Columns » Ranger Rich

Batteries can explode — really

Ranger Rich


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Don King heard the bang and whirled around in his chair. A car backfiring? Perhaps a 2-by-4 popping as his brand-new house settled into the ground behind the Chapel Hills Mall on the north side of our village? A Christmas light explosion outside the front door?

After five minutes of frantic searching, he yanked open the junk drawer in his kitchen. Flames roared out, a hellish yellow and blue fire that jumped nearly two feet into the air.

Here you’re probably asking the two obvious questions: Don King, the famous boxing promoter, lives in Colorado Springs? Did his ridiculous hair catch on fire?

Unfortunately, the answer to both questions is no.

It was a different Don King with regular hair whose kitchen junk drawer blew up a while back, the loud pop and ensuing fire apparently caused by an exploding lithium battery that he and his wife Mary had stored in a plastic sandwich bag, just like most of us do ­— a bag of batteries living peacefully among the pens and pencils, scissors and nail files, Super Glue and Scotch tape, spare house keys and paper clips and key chains and the photo of the kid when he was in the fourth grade and had big buck teeth and looked like a beaver wearing a golf shirt.

The battery in the Kings’ drawer was a flat, lithium-powered disc waiting for the call, for the day it would be summoned to perform a great and important task like powering a car door remote control so, God forbid, we don’t have to open the car door by turning the key in the lock the way Benjamin Franklin did when he invented the automobile in 1752.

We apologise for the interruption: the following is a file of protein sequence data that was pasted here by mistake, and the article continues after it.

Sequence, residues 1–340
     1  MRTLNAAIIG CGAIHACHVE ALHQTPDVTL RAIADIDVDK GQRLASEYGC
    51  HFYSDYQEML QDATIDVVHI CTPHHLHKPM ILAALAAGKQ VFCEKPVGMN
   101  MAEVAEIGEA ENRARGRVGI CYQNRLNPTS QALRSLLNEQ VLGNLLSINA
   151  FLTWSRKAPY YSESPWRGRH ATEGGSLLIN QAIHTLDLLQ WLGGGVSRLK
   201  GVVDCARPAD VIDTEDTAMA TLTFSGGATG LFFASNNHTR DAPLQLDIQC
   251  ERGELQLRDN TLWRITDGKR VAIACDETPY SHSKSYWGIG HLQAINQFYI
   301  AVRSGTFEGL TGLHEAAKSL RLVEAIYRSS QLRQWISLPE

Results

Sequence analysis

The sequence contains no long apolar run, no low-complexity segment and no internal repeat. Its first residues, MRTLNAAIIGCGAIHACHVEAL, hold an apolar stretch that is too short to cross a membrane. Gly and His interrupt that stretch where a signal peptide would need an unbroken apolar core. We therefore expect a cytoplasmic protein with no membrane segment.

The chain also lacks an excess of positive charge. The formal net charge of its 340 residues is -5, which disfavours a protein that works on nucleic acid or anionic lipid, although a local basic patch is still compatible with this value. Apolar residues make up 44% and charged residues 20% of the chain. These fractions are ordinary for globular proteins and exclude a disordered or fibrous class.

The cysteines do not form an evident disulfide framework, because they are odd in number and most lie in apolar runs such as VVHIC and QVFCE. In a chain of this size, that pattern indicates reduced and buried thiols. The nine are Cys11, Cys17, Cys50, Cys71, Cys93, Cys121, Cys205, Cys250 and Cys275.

(Historical note: Franklin was famous for misplacing his car keys. One day he tied them a kite so he’d know where they were and, well, I think we know the rest of that story.)

Anyway, at exactly 6:15 on this particular night, a battery blew up inside the Kings’ junk drawer. At least that’s what they believe. The evidence seems to support them. When the fire was out and the shouting had subsided, the Kings found the two halves of the lithium battery in the drawer. They had been blown apart and had black sooty burn marks on them. (The battery halves, I mean. The Kings were not blown apart. Both of them did, however, admit to using some pretty explosive language during the incident.)

“Other things in the drawer had burn marks, but nothing else exploded,” says Don, a retired safety inspector who moved to Colorado from Minnesota just last year. He and Mary launched an extensive probe into the case of the flaming junk drawer, an investigation that involved their insurance company, the battery manufacturer and local fire officials.

The conclusion: Moose, the Kings’ lovable 12-pound shih-tzu dog, doesn’t make a very good smoke detector. The dog hardly raised an eyebrow during the explosion and fire, a fact I mention to show that you can’t always count on a dog. Also, I like to write “shih-tzu” because it sounds like you’re saying “shit-zoo.”

Seriously, there has been no official conclusion because, amazingly enough, the battery manufacturer and the Kings’ insurance company handed the case to their lawyers, who, barring any unforeseen interruptions such as an ambulance going past their office, should be getting back in touch with the Kings sometime around the year 3000.

It’s not like we haven’t been warned about batteries. All battery packages contain cautionary notes such as: “May explode and cause burn injury.”

And we read that and we chuckle and go right back to tormenting the cat by touching his tail over and over again. But Don King has now separated all of his spare batteries and placed them carefully in a heavy metal, fireproof tool box in his garage. You can get like that after your kitchen drawer blows up.

“Everyone has so many batteries,” he said. “I would advise them to store them carefully. They do explode.”

And while we’re giving advice, I’d offer this: If the batteries explode and cause a fire in your Thetford-brand Model 465E Battery Flush Portable Camping Toilet, wait at least 45 minutes for the bowl to cool off before you sit down.


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